How Automation and Continuous Delivery Ensure Compliance in the Automotive Industry

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How Automation and Continuous Delivery Ensure Compliance in the Automotive Industry

Cars are becoming much more connected, but this has occasionally led to mishaps. Learn about the standards and certifications, and how this affects you.

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Some cars today boast more than 300 million lines of code – and growing. Software is increasingly prevalent – and critical – in today’s automobiles, as cars become smarter, more connected, and more complex.

Unfortunately, vehicle recalls due to software glitches have been on the news lately, with some caused by serious software malfunctions that may have put the driver and passengers’ safety at risk.

The automotive industry has always been bound by strict safety regulatory certifications and compliance rules, designed to ensure the safety of the vehicle and the software embedded in it. However, despite industry efforts to put best practices in place, the rate of issues and software failures has been increasing.

In this article, I’ll walk through the key regulations and compliance guidelines that the automotive industry is required to meet, and the challenges faced by both automakers and suppliers when trying to implement and enforce safety and security practices in order to meet these regulations. Then, I’ll explain how Continuous Delivery and automation solutions are helping automotive manufacturers to address these challenges while improving the overall quality of the vehicle and its underlying software and electronics system.


Majority of embedded software systems – such as those embedded in cars - are written in C or C++. MISRA C is a set of software development guidelines for the C programming language developed by MISRA (Motor Industry Software Reliability Association), aiming to facilitate code safety, portability and reliability in the context of embedded systems.

PRQ, Klocwork, Coverity, and other static analysis tools support MISRA compliance testing. These tools scan the code to identify bad practices or exceptions that do not meet the guidelines specified by MISRA.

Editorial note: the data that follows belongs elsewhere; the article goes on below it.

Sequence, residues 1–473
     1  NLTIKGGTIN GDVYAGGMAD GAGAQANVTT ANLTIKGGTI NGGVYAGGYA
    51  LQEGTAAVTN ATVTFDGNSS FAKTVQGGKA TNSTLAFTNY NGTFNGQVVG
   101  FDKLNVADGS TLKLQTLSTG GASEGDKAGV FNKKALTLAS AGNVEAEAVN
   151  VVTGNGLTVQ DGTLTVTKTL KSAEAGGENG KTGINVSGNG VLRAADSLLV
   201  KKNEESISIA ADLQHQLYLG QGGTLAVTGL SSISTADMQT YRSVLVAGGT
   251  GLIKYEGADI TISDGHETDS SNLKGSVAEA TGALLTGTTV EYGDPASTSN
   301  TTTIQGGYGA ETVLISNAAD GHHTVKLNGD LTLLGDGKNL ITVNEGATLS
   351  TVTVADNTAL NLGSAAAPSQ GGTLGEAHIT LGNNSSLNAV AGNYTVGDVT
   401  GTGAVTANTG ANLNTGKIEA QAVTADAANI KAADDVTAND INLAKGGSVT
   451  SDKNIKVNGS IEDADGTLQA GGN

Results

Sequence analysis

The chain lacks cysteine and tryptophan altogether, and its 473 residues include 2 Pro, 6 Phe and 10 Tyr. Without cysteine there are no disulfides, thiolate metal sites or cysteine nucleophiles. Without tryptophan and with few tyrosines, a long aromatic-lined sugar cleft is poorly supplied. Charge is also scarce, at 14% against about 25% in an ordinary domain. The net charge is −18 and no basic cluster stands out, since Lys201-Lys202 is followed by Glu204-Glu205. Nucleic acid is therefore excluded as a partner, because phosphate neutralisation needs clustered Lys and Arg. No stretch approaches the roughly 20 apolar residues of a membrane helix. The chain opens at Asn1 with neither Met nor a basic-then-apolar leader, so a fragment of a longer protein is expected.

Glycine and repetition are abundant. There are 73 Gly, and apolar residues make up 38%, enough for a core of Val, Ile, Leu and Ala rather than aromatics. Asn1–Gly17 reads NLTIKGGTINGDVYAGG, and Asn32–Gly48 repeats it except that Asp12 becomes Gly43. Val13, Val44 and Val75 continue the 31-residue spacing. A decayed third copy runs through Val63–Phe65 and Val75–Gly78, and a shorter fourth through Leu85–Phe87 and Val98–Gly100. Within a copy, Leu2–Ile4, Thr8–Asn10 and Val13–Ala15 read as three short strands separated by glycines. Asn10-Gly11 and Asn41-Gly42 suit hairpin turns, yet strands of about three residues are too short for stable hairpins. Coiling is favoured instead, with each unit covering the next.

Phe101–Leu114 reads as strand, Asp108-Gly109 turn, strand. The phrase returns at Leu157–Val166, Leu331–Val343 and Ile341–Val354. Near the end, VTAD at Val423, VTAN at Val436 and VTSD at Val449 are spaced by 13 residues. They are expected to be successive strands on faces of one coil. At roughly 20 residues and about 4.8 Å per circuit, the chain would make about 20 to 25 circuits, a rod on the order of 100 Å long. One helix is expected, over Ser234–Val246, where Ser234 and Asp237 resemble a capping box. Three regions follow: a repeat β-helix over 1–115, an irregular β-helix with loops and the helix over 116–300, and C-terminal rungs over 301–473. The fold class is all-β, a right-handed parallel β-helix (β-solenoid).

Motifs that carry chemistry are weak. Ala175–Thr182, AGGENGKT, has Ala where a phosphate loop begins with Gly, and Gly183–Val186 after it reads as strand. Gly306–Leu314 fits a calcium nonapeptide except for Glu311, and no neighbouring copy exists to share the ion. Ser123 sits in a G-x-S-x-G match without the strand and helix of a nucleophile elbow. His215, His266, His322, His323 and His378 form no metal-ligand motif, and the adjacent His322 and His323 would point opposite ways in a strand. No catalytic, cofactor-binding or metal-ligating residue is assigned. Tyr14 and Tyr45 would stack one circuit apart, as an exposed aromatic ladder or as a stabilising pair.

Challenges with MISRA Compliance

Executing a static analysis on the code base is very time consuming and requires numerous manual hand-offs amongst team members. It is common for companies in the automotive industry to have a dedicated engineer to handle code analysis for MISRA compliance using a specialized tool. Usually, team members who want to check in code to the main trunk must first put their code into a branch in the source code management tool, create a ticket with IT to request the specialized engineer to analyze their code and perform a set of test and verification prior to check-in.

In addition to the compliance engineer being a bottleneck in the process, the number of licenses for the code analysis tool is often restricted as well, with team members having to “get in the queue” and wait to use the floating licenses. This creates a series of bottlenecks in dev and test cycles during component testing, integration testing, and verification testing.

These bottlenecks hinder the feedback loops in dev and test and slow the cycle times. Because of this, test coverage during component testing often remains low, with some areas of the code not being tested for MISRA compliance (or other compliance frameworks), or that are not tested often enough – as engineer try to minimize wait time to accelerate the pipeline. This leads to bugs being discovered later on in the process: during integration testing, or – worst yet – when the vehicles are already on the market.